One of the releases in the recent FTD flood is another album in the classics series: Love Letters From Elvis. Some doesn’t regard it as a classic, does this release change that?
As we are get used to by now, the classic album series are way above the normal releases regarding design. The original front and back of the album, CD pressed with the album labels and a nice booklet with a lot of nice pics and information… they are all here again. The only minus on my copy was that the CD-holders are not centered on the label on the cover… so if the CD is fixed to it, you’ll still see a lot of the label behind it.
Let’s start with a review on the original CD ElvisNews published in 2001:
“The eleven songs on this album were recorded in the same recording sessions (June 4 to 8 1970) as the tracks released on Elvis Country and tracks for the That's The Way It Is soundtrack. With this selection of songs Elvis shows his focus on ballads, the kind of material that fitted his voice at the time.
Listening to the songs you can hear him lifting even lesser songs like When I'm Over You and I'll Never Know to an higher level, pure with his performance and the quality of his voice.
Next to the ballads on this album there also are two rockers, the Muddy Waters classic I Got My Mojo Working, in a medley with Keep Your Hands Off Of Her and the up-tempo Cindy Cindy.. The first is one of the most interesting songs on this release. It is an accidentally recorded pulverizing studio jam in which Elvis lays down his version of Muddy Waters veneration of the metaphysical macho-man.
A strange choice on this release is Heart Of Rome, a weaker song of which the best "dirty" version (I take a piss in every fountain) is released on the bootleg Brightest Star on Sunset Boulevard. Besides the hit Love Letters, previously a hit for Kitty Lester, which reached the Top 10 all over the world, the single Life was a strange attempt to set Darwinism to music ... but Elvis got away with it.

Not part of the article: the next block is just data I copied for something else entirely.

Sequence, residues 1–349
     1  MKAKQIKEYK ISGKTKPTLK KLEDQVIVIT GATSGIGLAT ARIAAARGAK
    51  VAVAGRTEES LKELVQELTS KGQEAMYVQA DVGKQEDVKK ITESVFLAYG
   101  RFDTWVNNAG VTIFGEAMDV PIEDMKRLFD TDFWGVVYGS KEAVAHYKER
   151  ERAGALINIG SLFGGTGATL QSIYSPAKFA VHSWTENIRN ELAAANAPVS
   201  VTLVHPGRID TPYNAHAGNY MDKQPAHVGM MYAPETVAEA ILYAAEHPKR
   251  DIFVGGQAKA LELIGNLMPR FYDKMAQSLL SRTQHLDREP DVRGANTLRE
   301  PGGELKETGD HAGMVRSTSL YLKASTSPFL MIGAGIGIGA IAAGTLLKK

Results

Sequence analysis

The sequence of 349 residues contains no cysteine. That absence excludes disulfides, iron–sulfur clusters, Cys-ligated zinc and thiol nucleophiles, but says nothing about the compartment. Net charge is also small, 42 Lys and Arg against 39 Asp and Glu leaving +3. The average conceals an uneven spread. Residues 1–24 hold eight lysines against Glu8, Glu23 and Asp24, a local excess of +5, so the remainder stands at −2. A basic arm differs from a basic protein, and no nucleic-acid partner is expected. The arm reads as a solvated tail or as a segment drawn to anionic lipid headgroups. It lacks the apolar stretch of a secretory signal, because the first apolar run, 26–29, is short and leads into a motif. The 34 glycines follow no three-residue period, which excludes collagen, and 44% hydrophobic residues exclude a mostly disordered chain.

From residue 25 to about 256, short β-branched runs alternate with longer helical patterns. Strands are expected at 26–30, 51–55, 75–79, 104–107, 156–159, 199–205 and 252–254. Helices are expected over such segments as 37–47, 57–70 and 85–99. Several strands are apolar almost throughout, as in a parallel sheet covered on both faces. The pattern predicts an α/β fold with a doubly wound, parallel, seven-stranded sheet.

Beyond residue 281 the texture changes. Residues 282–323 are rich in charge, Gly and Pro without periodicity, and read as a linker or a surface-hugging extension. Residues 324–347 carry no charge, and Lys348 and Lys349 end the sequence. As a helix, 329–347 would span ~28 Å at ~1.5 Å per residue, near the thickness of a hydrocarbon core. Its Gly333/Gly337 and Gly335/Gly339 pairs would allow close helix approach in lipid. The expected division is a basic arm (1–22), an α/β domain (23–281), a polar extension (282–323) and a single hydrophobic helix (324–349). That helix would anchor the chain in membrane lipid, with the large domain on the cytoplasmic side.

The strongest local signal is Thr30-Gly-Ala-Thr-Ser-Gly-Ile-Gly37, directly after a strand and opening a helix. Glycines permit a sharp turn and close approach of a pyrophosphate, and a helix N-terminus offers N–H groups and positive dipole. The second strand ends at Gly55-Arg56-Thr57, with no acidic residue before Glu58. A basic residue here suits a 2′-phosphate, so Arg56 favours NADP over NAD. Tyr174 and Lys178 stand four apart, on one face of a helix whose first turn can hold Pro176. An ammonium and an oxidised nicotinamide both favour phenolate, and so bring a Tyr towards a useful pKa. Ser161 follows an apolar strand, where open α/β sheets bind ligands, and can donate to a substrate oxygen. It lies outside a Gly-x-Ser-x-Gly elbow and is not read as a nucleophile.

With this release Elvis used the remaining songs of a great recording sessions which were used on three albums, Elvis Country, That's The way it Is and this one. We won't say these were the "leftovers", but this album cannot stand in line with the other two albums on which songs from these sessions were used.”
I still think this sums up the original album pretty well. What do we get more on this release? First of course: there are some bonus tracks added: The Sound of Your Cry, Sylvia, Rags to Riches and Something. Especially the last one is a strange addition, since it was also on the recent TTWII-release in this series, and it is the only live song on an album full with studio tracks. Further more we get 33 previously unreleased outtakes of the songs on the album (and bonus songs). Highlights? The full version of Got My Mojo Workin/ Keep Your Hands Off Of It, including the M*F* phrase, which was only available on bootleg so far; the fun Elvis obviously had with Rags to Riches, and every second of Sylvia. I don't know why, but this one has always been one of my favorite 70's tunes.
Even if you call it an album with leftovers, it is still a very enjoyable album. The bonus songs make it only stronger. All together you get a lot of quality time with this FTD-outing, fitting perfectly in this great series.